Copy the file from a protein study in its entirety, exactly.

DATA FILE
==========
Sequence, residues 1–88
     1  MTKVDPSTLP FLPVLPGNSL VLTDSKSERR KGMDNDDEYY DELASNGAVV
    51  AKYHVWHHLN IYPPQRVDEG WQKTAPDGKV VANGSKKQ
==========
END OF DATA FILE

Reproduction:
Sequence, residues 1–88
     1  MTKVDPSTLP FLPVLPGNSL VLTDSKSERR KGMDNDDEYY DELASNGAVV
    51  AKYHVWHHLN IYPPQRVDEG WQKTAPDGKV VANGSKKQ